LONDON, Feb 9 (Reuters) - Curbing the ability of asset managers located in Britain to run funds based in the European Union after Brexit would go against global norms and could fragment markets, Bank of England Deputy Governor Jon Cunliffe said on Friday.
The bloc has published guidance on how UK-based asset managers could continue to run funds in the bloc after Britain leaves the EU in March 2019.
The guidance says there must be enough senior management in the EU country where the fund is listed so that not all key tasks are delegated back to Britain.
Asset managers fear this will mean having to move several staff to the bloc after Britain leaves the EU in March 2019.
Cunliffe said that if the EU’s move was motivated by a desire to pull activity and risk back within its boundaries after Brexit, then this “could act as the harbinger of fragmentation to come”.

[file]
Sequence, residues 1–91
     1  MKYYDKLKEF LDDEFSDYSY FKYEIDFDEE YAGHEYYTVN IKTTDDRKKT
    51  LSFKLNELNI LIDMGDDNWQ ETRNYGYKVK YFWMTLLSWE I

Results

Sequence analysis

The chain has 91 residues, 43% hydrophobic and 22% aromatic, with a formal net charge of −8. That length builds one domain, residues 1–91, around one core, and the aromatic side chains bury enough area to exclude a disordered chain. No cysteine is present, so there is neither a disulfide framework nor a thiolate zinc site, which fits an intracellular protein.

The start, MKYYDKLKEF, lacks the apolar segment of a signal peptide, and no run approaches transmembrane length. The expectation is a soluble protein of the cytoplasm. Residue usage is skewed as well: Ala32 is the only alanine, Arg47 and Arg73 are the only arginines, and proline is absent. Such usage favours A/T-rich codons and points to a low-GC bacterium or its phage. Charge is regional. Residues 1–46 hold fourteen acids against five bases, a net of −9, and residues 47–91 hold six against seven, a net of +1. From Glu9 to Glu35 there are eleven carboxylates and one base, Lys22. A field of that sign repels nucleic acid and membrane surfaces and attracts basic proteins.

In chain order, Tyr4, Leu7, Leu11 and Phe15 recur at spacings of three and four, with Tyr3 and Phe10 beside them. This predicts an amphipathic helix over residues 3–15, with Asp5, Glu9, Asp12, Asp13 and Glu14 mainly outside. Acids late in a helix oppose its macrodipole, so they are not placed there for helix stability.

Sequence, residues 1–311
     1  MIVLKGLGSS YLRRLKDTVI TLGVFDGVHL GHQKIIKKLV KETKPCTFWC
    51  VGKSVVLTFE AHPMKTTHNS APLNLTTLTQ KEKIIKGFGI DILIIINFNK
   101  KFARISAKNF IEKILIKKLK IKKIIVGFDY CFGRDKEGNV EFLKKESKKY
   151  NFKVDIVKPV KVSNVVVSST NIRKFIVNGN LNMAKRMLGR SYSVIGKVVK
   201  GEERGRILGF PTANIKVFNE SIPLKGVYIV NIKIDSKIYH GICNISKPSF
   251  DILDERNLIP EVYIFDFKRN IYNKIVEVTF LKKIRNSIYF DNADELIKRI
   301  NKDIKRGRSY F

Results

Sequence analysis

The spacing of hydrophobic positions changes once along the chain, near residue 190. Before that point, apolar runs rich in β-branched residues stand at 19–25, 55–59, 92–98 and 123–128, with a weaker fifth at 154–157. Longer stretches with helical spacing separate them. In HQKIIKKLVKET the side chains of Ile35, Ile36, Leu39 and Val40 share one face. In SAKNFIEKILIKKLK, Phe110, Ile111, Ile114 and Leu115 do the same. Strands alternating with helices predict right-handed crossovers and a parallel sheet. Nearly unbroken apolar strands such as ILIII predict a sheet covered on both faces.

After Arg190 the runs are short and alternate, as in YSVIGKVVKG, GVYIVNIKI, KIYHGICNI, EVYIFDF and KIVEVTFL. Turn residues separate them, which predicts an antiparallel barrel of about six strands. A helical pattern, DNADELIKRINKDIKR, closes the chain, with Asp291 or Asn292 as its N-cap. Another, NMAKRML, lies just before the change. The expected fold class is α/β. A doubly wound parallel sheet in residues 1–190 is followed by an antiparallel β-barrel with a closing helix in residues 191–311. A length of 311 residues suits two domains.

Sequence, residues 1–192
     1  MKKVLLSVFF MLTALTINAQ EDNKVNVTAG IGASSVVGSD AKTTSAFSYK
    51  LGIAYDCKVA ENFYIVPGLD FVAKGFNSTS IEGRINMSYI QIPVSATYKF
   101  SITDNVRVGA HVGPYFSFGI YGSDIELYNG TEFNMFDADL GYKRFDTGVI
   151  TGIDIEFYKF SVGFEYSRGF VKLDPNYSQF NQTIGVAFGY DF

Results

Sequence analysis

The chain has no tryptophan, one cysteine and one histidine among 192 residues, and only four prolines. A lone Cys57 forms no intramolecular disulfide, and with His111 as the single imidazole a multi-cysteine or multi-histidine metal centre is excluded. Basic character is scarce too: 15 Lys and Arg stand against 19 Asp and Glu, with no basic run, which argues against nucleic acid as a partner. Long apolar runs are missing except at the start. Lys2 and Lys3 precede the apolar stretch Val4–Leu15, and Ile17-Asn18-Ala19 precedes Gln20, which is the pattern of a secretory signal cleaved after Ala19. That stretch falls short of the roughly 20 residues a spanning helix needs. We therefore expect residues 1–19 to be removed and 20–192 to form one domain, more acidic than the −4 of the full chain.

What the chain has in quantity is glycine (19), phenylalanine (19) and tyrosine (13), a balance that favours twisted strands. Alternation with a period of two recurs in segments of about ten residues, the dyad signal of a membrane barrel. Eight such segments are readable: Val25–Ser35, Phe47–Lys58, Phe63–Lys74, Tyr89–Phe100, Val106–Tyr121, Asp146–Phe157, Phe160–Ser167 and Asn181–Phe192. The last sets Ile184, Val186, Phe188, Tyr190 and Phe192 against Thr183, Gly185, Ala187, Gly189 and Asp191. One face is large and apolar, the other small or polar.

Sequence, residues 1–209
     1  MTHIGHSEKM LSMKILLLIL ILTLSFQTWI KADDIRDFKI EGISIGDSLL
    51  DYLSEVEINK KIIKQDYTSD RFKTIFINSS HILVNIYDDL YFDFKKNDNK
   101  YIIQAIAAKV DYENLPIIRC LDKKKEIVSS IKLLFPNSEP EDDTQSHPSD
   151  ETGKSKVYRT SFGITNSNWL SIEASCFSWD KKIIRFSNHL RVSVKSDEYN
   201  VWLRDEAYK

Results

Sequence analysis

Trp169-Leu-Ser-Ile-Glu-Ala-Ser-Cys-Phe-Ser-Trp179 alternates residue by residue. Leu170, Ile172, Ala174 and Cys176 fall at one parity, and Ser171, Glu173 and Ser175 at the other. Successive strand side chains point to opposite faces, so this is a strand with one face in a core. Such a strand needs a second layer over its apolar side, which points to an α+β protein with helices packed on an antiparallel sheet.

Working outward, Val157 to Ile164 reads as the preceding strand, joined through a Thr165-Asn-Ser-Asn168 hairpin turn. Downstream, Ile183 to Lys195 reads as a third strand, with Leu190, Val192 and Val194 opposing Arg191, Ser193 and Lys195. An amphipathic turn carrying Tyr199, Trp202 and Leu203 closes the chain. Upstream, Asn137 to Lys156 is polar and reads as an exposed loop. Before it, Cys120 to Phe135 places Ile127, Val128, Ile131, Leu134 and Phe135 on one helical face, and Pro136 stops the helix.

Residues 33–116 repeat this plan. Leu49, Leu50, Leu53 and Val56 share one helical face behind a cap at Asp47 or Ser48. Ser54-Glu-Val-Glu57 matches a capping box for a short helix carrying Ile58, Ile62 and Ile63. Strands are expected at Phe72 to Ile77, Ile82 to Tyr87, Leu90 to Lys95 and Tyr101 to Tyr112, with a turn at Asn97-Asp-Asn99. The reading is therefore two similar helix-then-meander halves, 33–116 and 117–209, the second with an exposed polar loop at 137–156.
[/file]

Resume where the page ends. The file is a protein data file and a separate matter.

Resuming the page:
“That would raise the cost and reduce the efficiency of market-based intermediation of savings in the EU and, if it led to wider effects, further afield,” Cunliffe said in a speech to an asset management forum in California.
Cunliffe did not address the outlook for British monetary policy in the text of the speech provided by the BoE. (Reporting by Huw Jones, editing by David Milliken)